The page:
Mixtile Blade 3 is a Rockchip RK3588 SBC with up to 32GB RAM designed for server applications, notably to build clusters through a U.2 edge connector with 4-lane PCIe Gen3, SATA 3.0 to interconnect multiple boards.
What was not clear so far is how multiple boards would be connected, as we were just shown two boards connected by a U.2 cable, which does not scale, and does not provide power as the 12V input also comes with the U.2 connector. The company has now provided more details showing how it’s done, namely through a breakout board that connects to the U.2 edge connector, and allows cluster design as shown below.
The U.2 breakout board comes with a 6-pin connector 12V power, pair of SFF-8643 (mini SAS) connectors for PCIe daisy-chaining, and a SATA port. Since short SFF-8643 cables are hard to find, Mixtile will provide custom 15-cm cables with the breakout board. They will also release the pinout so people can make the mini SAS cables themselves if needed.
This type of design should be cheaper and more flexible than having a backplane board with multiple U.2 connectors, albeit not quite as compact, and not suitable for racks. That’s why another solution will be provided for a high-density server that can integrate 75 Blade 3 boards in a standard 19-inch 2U chassis. The breakout board solution should be used in Mixtile Cluster Box on Crowd Supply.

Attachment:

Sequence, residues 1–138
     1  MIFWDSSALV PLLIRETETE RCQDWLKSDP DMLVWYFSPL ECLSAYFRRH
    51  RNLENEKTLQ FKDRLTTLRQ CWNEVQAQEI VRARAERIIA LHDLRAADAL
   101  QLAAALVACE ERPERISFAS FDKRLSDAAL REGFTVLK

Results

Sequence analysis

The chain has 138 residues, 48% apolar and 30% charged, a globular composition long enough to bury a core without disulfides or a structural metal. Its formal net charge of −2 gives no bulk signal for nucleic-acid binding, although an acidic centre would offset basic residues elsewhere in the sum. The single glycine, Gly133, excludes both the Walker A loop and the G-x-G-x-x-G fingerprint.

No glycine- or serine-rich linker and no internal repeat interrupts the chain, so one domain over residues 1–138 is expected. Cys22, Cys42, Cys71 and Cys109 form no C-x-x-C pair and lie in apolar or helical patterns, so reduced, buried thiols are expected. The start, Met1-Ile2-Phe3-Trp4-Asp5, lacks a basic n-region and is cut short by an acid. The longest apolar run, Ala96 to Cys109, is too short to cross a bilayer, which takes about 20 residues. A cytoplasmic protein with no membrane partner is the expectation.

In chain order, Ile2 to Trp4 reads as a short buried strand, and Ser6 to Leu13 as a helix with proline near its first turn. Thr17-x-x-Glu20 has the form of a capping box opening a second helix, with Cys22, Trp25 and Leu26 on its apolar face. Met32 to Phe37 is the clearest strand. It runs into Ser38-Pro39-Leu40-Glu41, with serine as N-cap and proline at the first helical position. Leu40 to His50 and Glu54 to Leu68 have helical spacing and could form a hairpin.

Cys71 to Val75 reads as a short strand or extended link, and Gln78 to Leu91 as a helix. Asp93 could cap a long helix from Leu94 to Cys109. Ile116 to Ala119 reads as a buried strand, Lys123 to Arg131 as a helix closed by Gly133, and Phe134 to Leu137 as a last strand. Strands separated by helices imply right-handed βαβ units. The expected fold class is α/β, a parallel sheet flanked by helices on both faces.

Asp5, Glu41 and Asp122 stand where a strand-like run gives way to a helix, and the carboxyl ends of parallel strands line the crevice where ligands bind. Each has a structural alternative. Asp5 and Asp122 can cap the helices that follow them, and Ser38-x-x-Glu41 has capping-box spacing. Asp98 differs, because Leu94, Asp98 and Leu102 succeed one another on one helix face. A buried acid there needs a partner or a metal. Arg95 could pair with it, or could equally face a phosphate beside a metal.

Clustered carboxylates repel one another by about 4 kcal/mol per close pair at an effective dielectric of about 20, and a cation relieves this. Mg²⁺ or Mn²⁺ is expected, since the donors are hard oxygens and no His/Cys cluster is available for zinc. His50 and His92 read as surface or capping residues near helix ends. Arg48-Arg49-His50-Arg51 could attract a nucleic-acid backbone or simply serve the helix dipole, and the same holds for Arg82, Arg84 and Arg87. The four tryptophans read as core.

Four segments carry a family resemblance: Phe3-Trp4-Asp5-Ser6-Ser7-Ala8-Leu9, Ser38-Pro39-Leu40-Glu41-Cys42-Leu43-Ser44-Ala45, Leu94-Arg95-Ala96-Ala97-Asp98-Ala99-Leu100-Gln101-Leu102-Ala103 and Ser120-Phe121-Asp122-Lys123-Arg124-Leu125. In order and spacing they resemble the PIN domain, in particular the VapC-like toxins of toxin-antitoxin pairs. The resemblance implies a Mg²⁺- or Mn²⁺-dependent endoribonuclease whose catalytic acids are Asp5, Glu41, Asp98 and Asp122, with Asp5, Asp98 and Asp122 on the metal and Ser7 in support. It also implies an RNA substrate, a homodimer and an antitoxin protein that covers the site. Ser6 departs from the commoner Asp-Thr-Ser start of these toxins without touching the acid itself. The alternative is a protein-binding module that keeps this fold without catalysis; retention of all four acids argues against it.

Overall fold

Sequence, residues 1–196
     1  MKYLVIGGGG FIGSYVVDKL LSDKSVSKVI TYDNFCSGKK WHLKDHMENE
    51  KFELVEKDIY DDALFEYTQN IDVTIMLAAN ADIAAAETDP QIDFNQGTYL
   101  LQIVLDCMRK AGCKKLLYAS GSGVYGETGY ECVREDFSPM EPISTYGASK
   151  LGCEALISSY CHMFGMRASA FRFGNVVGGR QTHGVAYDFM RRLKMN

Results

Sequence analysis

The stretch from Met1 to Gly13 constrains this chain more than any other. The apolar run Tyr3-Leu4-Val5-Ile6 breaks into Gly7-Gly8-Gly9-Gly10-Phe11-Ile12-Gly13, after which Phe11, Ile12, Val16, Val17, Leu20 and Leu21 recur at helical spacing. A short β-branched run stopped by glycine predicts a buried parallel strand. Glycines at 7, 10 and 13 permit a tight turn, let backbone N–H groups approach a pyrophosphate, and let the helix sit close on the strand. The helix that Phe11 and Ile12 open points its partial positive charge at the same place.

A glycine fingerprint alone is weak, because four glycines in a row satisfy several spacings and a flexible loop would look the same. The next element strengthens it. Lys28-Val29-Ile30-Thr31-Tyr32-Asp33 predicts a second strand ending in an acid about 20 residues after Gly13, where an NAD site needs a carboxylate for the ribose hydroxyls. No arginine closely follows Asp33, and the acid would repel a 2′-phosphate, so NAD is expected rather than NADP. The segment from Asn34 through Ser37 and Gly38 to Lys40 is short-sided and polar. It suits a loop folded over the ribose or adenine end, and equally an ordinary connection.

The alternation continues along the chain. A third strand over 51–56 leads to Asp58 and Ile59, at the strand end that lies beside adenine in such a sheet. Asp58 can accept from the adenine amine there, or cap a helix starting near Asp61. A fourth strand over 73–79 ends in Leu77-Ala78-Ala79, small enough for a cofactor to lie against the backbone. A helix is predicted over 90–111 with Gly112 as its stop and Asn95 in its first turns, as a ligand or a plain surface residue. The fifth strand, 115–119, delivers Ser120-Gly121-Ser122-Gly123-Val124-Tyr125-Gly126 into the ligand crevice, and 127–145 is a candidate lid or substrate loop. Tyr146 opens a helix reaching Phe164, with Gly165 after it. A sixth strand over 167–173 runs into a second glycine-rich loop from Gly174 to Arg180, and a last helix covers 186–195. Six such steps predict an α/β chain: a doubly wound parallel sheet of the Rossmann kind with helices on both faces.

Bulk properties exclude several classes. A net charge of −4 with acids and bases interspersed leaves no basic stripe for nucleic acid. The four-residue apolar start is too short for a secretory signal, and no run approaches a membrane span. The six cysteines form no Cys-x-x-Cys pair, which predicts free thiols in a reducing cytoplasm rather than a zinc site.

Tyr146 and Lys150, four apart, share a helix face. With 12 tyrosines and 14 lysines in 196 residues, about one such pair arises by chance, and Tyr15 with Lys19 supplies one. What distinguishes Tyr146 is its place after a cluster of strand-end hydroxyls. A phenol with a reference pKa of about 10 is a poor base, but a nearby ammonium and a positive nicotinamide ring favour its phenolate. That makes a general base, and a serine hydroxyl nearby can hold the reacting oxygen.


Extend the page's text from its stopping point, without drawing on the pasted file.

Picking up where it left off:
That’s for the hardware, and it does not say anything about software, but Martin Liu from Mixtile provided some insights in a previous comment:
RDMA is our further plan. We’re focusing on the IP-over-PCIe driver, which is not that good on the performance but is easier to understand by users and compatible with existing software.
The way I understand it, the IP-over-PCIe driver may create an additional (32Gbps) network interface on the board and allow TCP/IP communication over PCIe. RDMA protocol support may come later. For reference, RDMA (Remote Direct Memory Access) is a technology that enables two networked computers to exchange data in the main memory without involving either one’s operating system.
Via Crowd Supply.
Jean-Luc started CNX Software in 2010 as a part-time endeavor, before quitting his job as a software engineering manager, and starting to write daily news, and reviews full time later in 2011.